Photo depicting patrons pointing and viewing artwork at Gallery Onyx.

Gallery Onyx Opens New Location Dedicated to Artists of African Descent at Midtown Square

by Patheresa Wells


On Saturday, Sept. 17, 2022, during Walk The Block, Onyx Fine Arts Collective opened their new location of Gallery Onyx. Inside of ARTE NOIR at 23rd and Union at Midtown Square, the gallery will provide space to share the artwork of artists of African descent in the Pacific Northwest. The space provided is substantial because it gives Black artists, many who may have never had a gallery presence, the opportunity to showcase their work to the community. 

Photo depicting attendees outdoors in front of a colorful mural.
Attendees enjoying the live music scene outside at Gallery Onyx’s grand opening celebration. (Photo: Jaidev Vella)

When you walk into Gallery Onyx, the first thing you see is color, according to Ashby Reed, vice president of the collective and one of the founding members. But while the color entices you, there is also “a broad degree of talent … no two paintings are alike. No two artists are alike; everyone has something different.” 

Founded in 2006, Onyx Fine Arts Collective started as seven artists interested in finding venues around Seattle to hold art exhibits. And it grew quickly as other artists of African descent joined their cause. According to Reed, their rapid growth was because many artists who found their way to the group lacked the opportunity “to be in galleries and venues throughout the Puget Sound.” This is because often new or emerging Black artists don’t have a following, so mainstream galleries are reluctant to show their work, Reed explained. So the collective worked to provide that space through pop-up exhibits, eventually opening the first Gallery Onyx in Belltown which is now located at Pacific Place

Photo depicting LueRachelle Brim-Atkinson's quilt artwork hanging on a gallery wall.
A quilt hanging in the gallery by the artist LueRachelle Brim-Atkinson depicts images from the “Black Panther” film. (Photo: Patheresa Wells)

As a voluntary, nonprofit organization, they have grown over the years from those first seven artists to now over 500. Reed said much of their growth has been from word of mouth. People visit the gallery, see the art, and tell others about it, many of whom have never shown their art before. So when you walk into the gallery, you will see art from very experienced artists hanging next to artwork from new artists. 

Some new artists that join might be currently “giving away their artwork … And now they’re able to put it up on the wall and put a price on it and see the value of it,” said Reed.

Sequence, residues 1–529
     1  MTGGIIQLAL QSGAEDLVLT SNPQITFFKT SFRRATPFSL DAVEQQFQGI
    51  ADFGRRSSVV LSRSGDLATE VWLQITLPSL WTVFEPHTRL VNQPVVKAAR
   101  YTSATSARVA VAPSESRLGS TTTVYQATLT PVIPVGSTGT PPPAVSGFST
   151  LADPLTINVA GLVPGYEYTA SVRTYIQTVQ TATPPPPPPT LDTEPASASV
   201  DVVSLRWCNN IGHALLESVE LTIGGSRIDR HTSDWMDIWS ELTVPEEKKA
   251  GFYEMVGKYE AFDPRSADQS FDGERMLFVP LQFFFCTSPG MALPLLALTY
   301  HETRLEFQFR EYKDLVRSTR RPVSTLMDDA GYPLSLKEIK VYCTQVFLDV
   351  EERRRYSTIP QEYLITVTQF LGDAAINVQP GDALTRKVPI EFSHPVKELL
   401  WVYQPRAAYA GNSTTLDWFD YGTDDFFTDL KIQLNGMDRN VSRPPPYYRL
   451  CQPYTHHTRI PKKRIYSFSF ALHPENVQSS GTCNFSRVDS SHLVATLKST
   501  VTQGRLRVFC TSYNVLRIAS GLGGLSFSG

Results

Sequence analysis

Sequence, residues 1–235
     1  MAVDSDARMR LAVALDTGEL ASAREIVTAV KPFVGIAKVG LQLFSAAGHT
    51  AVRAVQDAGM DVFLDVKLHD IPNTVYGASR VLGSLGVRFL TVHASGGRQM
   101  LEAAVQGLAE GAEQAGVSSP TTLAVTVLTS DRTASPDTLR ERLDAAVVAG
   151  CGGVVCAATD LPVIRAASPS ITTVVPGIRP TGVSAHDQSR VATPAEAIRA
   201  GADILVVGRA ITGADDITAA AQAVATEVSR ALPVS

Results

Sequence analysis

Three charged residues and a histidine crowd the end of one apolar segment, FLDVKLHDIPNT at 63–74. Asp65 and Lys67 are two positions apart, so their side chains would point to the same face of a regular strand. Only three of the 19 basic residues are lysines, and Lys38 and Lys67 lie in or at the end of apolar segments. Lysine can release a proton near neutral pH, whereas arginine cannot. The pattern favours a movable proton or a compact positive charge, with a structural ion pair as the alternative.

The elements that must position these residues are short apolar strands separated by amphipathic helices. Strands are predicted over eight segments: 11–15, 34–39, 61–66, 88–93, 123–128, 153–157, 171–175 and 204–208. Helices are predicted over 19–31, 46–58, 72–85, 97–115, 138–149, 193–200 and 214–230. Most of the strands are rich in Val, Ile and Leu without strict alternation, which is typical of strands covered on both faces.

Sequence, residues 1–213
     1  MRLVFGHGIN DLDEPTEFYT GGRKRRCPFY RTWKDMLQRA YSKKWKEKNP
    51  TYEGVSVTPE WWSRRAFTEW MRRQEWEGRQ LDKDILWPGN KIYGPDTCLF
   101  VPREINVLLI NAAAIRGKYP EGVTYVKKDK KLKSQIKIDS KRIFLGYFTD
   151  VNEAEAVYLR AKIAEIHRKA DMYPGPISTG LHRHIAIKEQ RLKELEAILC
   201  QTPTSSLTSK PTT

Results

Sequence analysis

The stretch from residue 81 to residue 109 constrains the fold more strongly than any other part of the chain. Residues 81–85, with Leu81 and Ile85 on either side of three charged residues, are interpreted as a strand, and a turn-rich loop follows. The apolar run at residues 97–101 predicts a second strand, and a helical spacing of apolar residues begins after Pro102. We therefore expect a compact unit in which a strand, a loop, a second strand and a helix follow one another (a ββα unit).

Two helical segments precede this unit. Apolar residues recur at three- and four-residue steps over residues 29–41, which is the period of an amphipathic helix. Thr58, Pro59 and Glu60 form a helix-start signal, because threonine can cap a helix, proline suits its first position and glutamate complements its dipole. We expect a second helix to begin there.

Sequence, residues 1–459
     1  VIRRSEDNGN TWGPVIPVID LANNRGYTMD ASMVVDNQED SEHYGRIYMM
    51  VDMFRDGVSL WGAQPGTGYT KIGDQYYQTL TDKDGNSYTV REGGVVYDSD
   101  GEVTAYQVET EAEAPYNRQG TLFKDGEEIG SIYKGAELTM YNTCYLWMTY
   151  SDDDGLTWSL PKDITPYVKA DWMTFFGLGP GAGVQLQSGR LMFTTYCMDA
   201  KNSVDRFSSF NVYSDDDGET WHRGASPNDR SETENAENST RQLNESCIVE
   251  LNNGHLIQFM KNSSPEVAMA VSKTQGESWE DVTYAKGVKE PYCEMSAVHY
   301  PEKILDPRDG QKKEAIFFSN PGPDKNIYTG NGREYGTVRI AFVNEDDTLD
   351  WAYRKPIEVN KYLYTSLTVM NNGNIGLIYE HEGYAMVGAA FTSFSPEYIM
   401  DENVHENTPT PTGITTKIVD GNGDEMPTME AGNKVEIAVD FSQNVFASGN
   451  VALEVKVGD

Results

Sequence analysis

Seattle-based artist Chris Coleman left a career in music to pursue painting. He said he is appreciative of the collective and being part of the group of artists. “The Onyx Gallery gives local artists mass exposure to diverse populations. They are also invested into the lives of the artist.”

The value, showcasing, and celebration of Black art has led Onyx Fine Arts Collective to not only work with a growing cadre of artists but to also partner with other Black arts organizations. For example, a partnership with Vivian Phillips of ARTE NOIR, an organization dedicated to the Black arts community, paved the way for the new location of Gallery Onyx. 

Photo depicting Vincent Keele's painting hanging on a gallery wall.
Painting by Vincent Keele of a man holding a trumpet incorporates the use of color, texture, and lines to show a connection between music and art. (Photo by Patheresa Wells)

The Truth B Told II Exhibit is currently on display at the Midtown Square location. It includes artwork from Bonnie Hopper, Myron Currary, Earnest Thomas, and many others. Both Gallery Onyx locations are free to the public. Reed wants people to come to see the exhibits, learn about the artists, and experience the community built to uplift artists of African descent throughout the Puget Sound.

Visit the Onyx Fine Arts Collective website for information on hours of operation for both locations.


Patheresa Wells is a Queer poet, writer, and storyteller who lives in SeaTac, Washington. Born to a Black mother and Persian father, her experiences as a multicultural child shaped her desire to advocate for and amplify her community. She currently attends Highline College in Des Moines. Follow her on Twitter @PatheresaWells.

📸 Featured Image: Patrons examine artwork during Gallery Onyx’s grand opening celebration at Midtown Square. (Photo courtesy of Ashby Reed.)

Before you move on to the next story …
The South Seattle Emerald is brought to you by Rainmakers. Rainmakers give recurring gifts at any amount. With over 900 Rainmakers, the Emerald is truly community-driven local media. Help us get to 1,100 Rainmakers by the end of the year and keep BIPOC-led media free and accessible. 
 
If just half of our readers signed up to give $6 a month, we wouldn't have to fundraise for the rest of the year. Small amounts make a difference. 
 
We cannot do this work without you. Become a Rainmaker today!